Tsunami to Hit Caribbean When Million-Ton Rock Falls?

Kate Ravilious
for National Geographic News
April 27, 2009

Editor's note: This story originally described the projected tsunami as being ten stories tall. The text has been corrected to say "ten-foot-tall (three-meter-tall) tsunami" (May 6, 2009).

With only a few minutes' warning, a ten-foot-tall (three-meter-tall) tsunami will shatter the usual peace of the Caribbean resort islands of Guadeloupe, a new study says (tsunami facts).

The tsunami is expected to be generated when a major landslide, on the island of Dominica—about 30 miles (50 kilometers away)—plunges up to a million tons of rock into the sea (Dominica and Guadeloupe map).

"It is not a case of if the landslide and tsunami will happen, but when," said Richard Teeuw, from the University of Portsmouth, U.K., who led the team of geologists that made the discovery.

"Most likely it will be triggered by a major earthquake," Teeuw added. "It could happen in a hundred years, or it could happen next week."

As many as 30,000 people could be at risk, the researchers say.

Seismology—Powered by Google Earth?

Using satellite images from the Google Earth software, Teeuw and his team surveyed Dominica, gaining a bird's-eye view of rock outcrops normally obscured by vegetation.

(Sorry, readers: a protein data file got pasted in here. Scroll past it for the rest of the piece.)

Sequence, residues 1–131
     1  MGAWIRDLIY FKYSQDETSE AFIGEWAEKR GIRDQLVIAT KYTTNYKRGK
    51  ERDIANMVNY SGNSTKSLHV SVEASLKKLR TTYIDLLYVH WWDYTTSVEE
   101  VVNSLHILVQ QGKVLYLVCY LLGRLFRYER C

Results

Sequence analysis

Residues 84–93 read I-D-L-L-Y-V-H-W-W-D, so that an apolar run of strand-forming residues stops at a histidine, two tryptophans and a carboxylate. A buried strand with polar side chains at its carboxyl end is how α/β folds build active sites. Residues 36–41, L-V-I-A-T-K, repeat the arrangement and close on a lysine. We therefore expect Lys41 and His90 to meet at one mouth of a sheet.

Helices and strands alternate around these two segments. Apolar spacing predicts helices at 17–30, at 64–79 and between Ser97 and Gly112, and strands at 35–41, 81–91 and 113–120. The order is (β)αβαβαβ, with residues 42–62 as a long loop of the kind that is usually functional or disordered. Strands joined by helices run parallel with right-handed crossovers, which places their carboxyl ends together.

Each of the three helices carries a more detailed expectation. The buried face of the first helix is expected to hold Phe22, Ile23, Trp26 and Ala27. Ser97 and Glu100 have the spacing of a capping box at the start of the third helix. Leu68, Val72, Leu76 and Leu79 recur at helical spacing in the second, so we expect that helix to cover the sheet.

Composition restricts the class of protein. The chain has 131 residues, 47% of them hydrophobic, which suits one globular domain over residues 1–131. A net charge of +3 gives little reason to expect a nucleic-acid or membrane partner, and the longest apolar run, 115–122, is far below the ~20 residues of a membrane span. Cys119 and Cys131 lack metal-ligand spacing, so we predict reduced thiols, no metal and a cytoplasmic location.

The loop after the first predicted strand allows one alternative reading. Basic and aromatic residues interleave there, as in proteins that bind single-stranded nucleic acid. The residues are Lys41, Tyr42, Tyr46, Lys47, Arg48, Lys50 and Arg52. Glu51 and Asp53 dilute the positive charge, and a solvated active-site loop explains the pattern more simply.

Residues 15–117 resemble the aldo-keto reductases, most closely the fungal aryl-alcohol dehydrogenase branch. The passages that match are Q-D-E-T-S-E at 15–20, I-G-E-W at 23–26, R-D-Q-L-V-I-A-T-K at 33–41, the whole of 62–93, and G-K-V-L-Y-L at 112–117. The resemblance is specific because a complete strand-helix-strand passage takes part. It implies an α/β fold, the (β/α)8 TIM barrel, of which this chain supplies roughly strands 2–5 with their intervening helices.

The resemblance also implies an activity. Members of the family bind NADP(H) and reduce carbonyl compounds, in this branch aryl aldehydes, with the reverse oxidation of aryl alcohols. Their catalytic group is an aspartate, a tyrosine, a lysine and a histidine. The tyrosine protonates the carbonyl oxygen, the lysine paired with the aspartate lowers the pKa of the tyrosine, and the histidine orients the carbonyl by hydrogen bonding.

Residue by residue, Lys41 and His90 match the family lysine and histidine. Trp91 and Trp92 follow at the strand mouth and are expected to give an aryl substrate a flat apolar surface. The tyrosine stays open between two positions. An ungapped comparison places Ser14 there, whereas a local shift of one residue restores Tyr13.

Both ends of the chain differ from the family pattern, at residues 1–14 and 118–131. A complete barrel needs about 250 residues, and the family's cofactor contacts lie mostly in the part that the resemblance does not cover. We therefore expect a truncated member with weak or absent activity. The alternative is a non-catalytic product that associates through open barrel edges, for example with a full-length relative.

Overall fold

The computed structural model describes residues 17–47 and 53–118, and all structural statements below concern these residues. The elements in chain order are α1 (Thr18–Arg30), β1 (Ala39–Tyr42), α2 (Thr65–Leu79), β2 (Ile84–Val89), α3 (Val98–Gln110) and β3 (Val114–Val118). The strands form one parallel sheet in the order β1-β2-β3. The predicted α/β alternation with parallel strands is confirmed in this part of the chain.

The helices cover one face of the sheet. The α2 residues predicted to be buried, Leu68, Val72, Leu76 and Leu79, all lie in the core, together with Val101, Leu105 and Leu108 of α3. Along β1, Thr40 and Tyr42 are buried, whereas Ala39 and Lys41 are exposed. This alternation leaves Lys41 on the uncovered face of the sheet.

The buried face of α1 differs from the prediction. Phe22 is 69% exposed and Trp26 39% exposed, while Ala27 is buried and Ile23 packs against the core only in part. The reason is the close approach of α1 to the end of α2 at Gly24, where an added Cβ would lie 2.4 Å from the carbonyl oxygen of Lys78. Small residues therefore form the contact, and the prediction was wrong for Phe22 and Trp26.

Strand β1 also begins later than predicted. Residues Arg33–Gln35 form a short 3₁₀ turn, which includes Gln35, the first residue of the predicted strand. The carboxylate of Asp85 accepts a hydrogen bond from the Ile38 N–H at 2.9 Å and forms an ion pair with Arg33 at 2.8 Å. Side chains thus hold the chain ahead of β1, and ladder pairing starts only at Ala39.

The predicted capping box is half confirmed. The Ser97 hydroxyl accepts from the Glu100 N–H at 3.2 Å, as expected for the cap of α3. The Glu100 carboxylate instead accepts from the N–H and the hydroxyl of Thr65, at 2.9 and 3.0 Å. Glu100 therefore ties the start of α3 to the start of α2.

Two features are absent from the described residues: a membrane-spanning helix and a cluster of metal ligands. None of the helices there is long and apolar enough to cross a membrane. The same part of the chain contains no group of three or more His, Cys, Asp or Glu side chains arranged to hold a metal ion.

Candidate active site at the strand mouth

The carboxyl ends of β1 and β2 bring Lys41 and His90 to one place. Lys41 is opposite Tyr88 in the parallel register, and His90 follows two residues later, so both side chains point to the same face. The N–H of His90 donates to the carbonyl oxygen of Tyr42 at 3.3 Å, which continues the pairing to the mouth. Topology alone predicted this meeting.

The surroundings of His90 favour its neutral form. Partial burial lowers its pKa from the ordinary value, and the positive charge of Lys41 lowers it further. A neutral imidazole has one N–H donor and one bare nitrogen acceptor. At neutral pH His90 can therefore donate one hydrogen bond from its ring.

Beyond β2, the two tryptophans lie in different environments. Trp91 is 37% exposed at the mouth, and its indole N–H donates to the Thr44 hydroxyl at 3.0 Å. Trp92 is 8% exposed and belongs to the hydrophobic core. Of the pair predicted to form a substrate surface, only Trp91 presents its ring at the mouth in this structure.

They noticed that the north coast of the island is unusually straight, indicating active earthquake faults.

Further investigations on the ground revealed large tension cracks along the flank of a volcano, Morne aux Diables (Devils' Peak)—convincing the team of the landslide threat (volcano facts).


Speaking at a press conference Friday, Dominica's disaster-preparedness minister sought to quell panic over the findings.

"There is no scientific indication that such an event is imminent and therfore [sic] we should begin to take measures immediately," Charles Savarin said, according to Dominica News Online.

No matter when the landslide strikes, Guadeloupe, a French territory, would be largely at the mercy of any potential tsunami.

Currently there are no tsunami early-warning systems in the Caribbean—and very little to brunt the impact.

"Prevention is the most important thing for Guadaloupe," said study co-author Carmen Solana, also from the University of Portsmouth.

"Perhaps some artificial reefs, or even a small, half-metre [foot-and-a-half] promenade wall can reduce the energy of the tsunami waves."

Findings published April 21 in the newsletter of the American Geophysical Union.




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